Maintaining a series LLC
Series LLCs aren’t bad for the businesses they were intended for — structured investments — but relying on liability protection holding up among the cells is of concern, especially for high-liability ventures such as real estate.
But if you’re absolutely intent on using a series LLC for your assets or operating business and are willing to take the risk, this section shows you how to maintain it in order to maximize your chances in court.
The first thing you need to understand is that series LLCs exist primarily in the operating agreement, and, given the flexible nature of the LLC, you have tremendous leeway as to how you structure each cell/series. If you want to add or remove cells, you simply amend your operating agreement. Your original filing (your articles of organization) remains unchanged.
If your series LLC ever ends up being scrutinized by a court of law, what you have written in your operating agreement is all that will uphold the insular nature of the liability protection among the various cells. Therefore, however you choose to structure your operating agreement, make sure that it’s rock solid.
When you’ve established that your operating agreement is as comprehensive and cohesive as it possibly can be, you need to simply be a series LLC. If the cells of your series LLC are intended to replace separate LLCs, then you need to act in accordance with that plan.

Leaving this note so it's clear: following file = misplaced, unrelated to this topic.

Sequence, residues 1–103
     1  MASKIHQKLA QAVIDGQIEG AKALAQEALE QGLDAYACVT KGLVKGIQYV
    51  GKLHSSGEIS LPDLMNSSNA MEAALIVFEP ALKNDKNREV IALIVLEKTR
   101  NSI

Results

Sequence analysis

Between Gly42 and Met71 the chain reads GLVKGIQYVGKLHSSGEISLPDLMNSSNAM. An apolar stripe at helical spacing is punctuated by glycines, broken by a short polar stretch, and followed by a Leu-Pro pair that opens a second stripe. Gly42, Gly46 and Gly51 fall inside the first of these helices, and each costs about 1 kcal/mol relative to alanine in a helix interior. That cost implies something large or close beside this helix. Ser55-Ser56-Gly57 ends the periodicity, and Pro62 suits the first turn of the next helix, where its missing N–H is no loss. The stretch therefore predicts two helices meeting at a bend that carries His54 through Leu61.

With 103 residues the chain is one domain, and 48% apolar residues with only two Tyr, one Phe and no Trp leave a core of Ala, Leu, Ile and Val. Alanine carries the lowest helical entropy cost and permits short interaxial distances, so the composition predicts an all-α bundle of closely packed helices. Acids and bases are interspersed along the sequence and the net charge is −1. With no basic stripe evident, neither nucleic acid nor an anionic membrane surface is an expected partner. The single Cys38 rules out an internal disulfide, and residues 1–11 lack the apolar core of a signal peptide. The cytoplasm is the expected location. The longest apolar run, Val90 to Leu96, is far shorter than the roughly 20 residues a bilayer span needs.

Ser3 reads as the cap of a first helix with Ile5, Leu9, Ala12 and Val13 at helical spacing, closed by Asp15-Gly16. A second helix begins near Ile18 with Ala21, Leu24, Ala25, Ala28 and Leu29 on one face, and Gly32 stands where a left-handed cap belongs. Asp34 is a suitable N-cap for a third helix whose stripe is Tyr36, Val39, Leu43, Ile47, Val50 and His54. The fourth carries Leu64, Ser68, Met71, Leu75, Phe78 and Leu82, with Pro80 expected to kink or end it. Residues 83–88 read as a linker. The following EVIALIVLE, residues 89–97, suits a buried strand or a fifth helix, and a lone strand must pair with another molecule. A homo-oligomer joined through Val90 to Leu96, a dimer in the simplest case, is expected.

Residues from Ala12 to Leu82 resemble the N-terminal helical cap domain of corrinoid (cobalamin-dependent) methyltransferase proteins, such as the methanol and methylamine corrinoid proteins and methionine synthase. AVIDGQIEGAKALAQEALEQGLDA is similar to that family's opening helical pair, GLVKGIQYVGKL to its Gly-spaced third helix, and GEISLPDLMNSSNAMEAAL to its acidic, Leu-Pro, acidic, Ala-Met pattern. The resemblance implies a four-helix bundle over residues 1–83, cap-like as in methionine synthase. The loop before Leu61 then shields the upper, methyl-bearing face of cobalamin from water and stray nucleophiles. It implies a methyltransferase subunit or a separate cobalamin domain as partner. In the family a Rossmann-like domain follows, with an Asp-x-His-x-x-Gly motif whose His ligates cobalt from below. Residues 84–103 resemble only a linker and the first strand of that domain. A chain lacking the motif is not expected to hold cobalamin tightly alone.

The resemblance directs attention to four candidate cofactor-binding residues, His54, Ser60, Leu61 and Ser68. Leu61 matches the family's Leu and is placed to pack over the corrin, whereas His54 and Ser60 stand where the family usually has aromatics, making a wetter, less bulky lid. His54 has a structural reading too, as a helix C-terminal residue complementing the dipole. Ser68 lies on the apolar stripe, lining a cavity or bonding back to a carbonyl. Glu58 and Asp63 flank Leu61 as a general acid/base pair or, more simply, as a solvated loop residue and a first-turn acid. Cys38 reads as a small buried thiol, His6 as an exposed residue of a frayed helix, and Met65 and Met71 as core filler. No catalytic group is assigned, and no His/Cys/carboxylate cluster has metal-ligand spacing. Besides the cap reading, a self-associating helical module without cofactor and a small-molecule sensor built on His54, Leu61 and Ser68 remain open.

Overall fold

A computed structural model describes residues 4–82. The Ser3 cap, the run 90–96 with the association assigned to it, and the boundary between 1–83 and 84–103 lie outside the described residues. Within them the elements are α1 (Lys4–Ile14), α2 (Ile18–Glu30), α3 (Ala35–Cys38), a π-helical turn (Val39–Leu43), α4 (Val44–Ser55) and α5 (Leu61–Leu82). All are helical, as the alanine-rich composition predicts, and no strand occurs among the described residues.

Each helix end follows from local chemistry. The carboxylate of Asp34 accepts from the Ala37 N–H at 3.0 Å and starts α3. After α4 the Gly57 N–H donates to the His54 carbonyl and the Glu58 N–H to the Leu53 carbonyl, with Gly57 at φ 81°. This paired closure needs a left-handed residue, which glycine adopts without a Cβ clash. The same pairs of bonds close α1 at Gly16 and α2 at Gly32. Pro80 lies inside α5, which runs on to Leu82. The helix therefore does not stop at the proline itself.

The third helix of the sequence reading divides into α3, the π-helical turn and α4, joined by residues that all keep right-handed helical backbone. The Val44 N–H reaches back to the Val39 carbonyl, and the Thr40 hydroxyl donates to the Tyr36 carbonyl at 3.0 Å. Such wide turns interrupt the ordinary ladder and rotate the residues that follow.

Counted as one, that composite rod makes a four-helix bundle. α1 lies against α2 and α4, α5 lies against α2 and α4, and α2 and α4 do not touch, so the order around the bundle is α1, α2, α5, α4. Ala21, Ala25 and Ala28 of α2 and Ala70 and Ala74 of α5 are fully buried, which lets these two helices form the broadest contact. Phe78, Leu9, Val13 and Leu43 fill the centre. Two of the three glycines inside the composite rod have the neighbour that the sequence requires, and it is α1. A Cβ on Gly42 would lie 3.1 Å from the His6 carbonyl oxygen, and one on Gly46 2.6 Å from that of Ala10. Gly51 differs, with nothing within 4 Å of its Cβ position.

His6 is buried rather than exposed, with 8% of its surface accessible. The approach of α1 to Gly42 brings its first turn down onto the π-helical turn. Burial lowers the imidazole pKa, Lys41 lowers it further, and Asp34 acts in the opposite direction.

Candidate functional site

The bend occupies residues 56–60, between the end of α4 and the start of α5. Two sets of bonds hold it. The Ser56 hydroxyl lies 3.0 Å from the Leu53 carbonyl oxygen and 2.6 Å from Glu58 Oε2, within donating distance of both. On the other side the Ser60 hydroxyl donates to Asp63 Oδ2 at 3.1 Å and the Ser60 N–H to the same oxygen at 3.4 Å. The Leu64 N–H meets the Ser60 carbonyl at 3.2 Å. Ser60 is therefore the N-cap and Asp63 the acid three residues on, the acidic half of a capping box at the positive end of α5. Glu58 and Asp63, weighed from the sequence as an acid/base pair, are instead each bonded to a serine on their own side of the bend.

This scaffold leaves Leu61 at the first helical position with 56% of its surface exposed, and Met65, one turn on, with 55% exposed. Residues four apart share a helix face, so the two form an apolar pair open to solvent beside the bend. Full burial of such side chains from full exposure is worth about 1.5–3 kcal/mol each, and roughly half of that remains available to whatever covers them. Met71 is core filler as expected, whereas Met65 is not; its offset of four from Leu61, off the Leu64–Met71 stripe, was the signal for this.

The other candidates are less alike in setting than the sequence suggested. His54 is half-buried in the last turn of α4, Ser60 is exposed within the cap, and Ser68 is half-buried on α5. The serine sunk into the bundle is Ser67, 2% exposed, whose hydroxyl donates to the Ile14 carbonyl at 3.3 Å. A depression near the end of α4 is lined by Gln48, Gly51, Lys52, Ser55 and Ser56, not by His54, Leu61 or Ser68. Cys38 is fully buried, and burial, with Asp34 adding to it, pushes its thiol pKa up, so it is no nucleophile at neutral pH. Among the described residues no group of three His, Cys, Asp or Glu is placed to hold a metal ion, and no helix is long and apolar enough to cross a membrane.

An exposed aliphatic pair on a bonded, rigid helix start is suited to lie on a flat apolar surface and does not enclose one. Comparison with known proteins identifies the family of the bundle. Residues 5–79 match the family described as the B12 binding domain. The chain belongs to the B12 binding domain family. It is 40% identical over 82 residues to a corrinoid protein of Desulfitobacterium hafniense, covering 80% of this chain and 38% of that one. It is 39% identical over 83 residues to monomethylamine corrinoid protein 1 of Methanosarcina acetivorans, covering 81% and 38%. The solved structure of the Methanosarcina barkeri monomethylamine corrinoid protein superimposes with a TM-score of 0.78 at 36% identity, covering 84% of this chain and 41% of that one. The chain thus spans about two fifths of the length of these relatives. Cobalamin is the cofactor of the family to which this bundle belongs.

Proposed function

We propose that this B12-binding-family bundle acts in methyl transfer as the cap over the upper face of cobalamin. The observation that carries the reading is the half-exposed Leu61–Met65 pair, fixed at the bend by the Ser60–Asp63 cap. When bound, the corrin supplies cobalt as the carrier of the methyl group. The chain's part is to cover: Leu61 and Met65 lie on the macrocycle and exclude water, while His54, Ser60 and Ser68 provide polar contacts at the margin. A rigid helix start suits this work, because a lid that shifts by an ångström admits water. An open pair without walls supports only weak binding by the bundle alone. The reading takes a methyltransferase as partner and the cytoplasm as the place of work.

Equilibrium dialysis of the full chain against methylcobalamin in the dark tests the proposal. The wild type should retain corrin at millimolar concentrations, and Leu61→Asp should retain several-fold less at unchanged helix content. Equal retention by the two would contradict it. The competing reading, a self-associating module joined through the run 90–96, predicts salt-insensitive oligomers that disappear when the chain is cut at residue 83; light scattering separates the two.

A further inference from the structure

For all intents and purposes, each cell should be treated as a separate entity, complete with a separate set of books, records, and financials; a separate bank account; individual contracts; and so on. This includes having an additional, separate operating agreement for each cell.
Most, if not all, states allow you to elect whether your entire LLC is treated as a single taxpayer or each cell is treated as a separate taxpayer.
The IRS has ruled that each cell in a series LLC is treated as a separate entity for tax purposes. Each cell can have a separate tax ID number, elect a different form of taxation, and file a separate tax return. If the series LLC cell has elected partnership taxation, you should also file separate Form 1065s and issue separate Schedule K-1s to that cell’s members at the end of each fiscal year. Doing so helps to further establish the segregation of the cells in your series LLC.